Ed Balls deciding to join the the Tories and LibDems and apparently writing off the possibility of an Independent Scotland sharing a currency union with the rest of the UK is a low point for the Labour party.
The proposal for iScotland (Independent Scotland) and the rUK (rest of the UK) to share a currency union does not originate from the Scottish Government. In 2012, the Fiscal Commission Working Group was established to help to shape the development of a robust fiscal and macroeconomic framework for an independent Scotland.
This group contains world renowned economists such as Professors Andrew Hughes Hallett, Sir Jim Mirrlees, Frances Ruane, Joseph Stiglitz and Crawford Beveridge. It is this group of world renowned experts that believed that a currency union between rUK and iScotland would be the best solution for all parties. In fact, they said that this was an 'attractive' proposition for the rUK. Bank of England governor Mark Carney has since reiterated their point by stating that a currency union can work to the benefit of iScotland and rUK.
A currency union is not the only option for iScotland and it is not my preferred option. I would like to see Scotland have her own currency; a Scottish pound pegged to Sterling.
The practice of currency substitution is common across the globe. A substitute currency brings stability and flexibility while allowing iScotland to have access to the full fiscal levers of the Scottish economy.
A criticism of iScotland not having her own central bank is the fact that iScotland would not have a central Bank and thus susceptible to bank bail outs and economic uncertainties. This argument is countered by American economist, George Selgin, who points to the implied promise of a bailout from the European Central Bank and that "it seems that not having a lender of last resort has proved to be something of a boon to dollarized economies, because, by doing away with, or at least greatly limiting, any prospect of a bailout, it has caused creditors and banks to behave more prudently."
A prime example of a country successfully using a substitute currency is Panama. Panama uses the dollar without permission from the USA and, to quote the World Bank, Panama "did relatively well during the global financial crisis" when compared with "other countries in the region. Panama is also "the most competitive economy in Central America, and second in Latin America" according to the 2013-14 World Economic Forum Global Competitiveness Report.
With all that in mind, why am I so angry with Labour?
- Westminster refusing to negotiate on a currency union with iScotland would not be viewed favourably by the markets. A currency war would weakening the rUK's credit rating and subsequently increase borrowing costs.
- It would be viewed as anti-business as it would increase transactions and administration costs for companies that are based in Scotland and rUK.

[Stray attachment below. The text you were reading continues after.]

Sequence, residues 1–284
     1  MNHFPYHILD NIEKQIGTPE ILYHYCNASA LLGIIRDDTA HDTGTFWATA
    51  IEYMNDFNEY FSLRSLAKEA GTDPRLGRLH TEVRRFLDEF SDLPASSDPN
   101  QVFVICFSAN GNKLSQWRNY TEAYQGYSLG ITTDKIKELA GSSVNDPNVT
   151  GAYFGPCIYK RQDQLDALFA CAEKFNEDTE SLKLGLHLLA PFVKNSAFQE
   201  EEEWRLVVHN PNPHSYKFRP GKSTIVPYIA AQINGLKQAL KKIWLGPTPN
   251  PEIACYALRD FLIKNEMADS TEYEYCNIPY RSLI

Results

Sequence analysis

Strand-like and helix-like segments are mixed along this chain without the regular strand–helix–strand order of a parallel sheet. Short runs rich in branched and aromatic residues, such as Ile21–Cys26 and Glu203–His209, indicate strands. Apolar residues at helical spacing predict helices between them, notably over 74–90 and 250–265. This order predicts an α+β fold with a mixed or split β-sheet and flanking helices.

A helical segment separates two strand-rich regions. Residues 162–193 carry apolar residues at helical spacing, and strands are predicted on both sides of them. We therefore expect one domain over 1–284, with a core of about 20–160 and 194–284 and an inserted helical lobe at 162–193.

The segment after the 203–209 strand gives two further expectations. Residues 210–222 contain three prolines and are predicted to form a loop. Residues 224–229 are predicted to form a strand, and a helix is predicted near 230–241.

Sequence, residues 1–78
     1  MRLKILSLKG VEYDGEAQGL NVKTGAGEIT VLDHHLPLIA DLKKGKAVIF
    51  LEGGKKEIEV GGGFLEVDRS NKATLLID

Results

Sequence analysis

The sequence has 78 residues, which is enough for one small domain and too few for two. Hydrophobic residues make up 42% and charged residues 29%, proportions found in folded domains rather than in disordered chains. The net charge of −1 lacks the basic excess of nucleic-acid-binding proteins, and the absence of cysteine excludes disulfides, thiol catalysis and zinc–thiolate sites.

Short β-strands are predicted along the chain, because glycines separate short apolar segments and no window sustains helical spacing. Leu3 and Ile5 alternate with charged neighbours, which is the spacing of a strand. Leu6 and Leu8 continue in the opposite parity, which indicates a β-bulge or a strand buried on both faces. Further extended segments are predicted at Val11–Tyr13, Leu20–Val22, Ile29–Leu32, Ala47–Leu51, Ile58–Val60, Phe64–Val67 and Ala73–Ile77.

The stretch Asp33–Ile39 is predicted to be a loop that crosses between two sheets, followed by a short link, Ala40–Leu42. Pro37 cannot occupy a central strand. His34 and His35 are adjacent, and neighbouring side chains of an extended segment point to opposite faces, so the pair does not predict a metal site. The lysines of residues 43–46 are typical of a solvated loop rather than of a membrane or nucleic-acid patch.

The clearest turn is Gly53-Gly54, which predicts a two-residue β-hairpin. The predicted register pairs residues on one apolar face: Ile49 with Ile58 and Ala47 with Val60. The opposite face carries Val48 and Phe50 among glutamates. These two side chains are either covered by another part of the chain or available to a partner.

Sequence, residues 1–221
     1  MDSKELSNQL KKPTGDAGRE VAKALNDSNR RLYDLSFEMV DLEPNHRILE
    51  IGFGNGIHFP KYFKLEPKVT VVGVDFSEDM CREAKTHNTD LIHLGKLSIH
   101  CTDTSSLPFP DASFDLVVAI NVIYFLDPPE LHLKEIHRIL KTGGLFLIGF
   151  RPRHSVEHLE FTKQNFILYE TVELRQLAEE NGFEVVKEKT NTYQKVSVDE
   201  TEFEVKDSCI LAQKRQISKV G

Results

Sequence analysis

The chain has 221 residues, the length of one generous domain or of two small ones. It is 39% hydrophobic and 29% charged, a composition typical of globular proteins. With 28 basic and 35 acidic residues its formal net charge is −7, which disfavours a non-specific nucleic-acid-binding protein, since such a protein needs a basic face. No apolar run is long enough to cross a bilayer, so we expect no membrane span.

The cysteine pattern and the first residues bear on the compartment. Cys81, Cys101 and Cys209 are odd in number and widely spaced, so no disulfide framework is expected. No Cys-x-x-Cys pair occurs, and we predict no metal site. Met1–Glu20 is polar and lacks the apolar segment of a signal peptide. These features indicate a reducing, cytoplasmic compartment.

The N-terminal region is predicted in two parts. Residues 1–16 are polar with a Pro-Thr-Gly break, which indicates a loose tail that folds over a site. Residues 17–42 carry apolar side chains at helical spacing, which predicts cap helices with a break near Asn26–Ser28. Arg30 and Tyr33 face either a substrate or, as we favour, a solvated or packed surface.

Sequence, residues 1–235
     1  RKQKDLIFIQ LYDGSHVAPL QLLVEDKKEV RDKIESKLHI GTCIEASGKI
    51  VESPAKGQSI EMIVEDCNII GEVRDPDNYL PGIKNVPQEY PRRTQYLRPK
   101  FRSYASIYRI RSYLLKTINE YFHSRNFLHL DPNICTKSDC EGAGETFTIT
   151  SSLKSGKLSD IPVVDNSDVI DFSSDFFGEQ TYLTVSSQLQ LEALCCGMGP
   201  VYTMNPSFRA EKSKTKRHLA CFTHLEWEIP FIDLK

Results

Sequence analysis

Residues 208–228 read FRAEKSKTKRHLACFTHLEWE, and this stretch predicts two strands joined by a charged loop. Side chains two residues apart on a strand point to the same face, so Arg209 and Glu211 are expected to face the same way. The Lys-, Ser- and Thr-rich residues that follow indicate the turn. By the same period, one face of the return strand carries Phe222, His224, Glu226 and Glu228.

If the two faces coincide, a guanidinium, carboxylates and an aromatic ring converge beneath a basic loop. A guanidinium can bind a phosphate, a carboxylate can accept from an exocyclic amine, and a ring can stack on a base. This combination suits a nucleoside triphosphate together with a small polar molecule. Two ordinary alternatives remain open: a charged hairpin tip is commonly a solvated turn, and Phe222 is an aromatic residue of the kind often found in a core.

- But more significantly, the rUK's balance of payments would be damaged by the loss of Scottish exports. This would have wide-ranging negative effects for the rUK's economy.
Labour are saying that they are willing to put people through economic turmoil to fulfil their ideological objectives. In this case, Labour's belief that the Union must be maintained is, in their opinion, worth the pain and poverty that years of economic chaos will bring. Which begs the question: Are they any better than the Tory/LibDem Government which are blatantly blinded by an ideological drive to implement austerity?
What happened over the last few days should not come as a surprise. Only last week a Scottish MP, Jim Hood, said:
"Even if the SNP was right and there was a grand, great thing at the end of the rainbow for the SNP and its debate for independence, I would still be against it. If the Scottish people are going to be better off economically and so on, I would still be against breaking away from the Union. That is part of my history. I was proud to be born into a mining family in a mining community, where it was not about self-betterment, and where judgments are not made about people on the basis of which side of the road or of the bed they were born on."
The Labour people who I meet in my political travels are, in general, fantastic people who passionately care for social justice. I cannot understand why the Parliamentary Labour party is so out of touch and disconnected to their grassroots supporters.
In the last week we have had the Labour leader confirming that a Labour Government would cut more public services if they win the General Election in 2015. We have had the Shadow minister for the DWP that wants to out-Tory the Tories. and now we have the Shadow Chancellor willing to cut his nose of to spite his face in respect of the currency in iScotland.
Most people are aware that the rhetoric emanating from Westminster is merely political posturing to intimidate/scaremonger Scottish voters into voting No in the Scottish Independence Referendum and that makes Labour's stance even more depressing. Rather than present a positive case for the Union, the Labour Party has sunk to the depth of the Tories and LibDems. Duplicitous, devious and disappointing.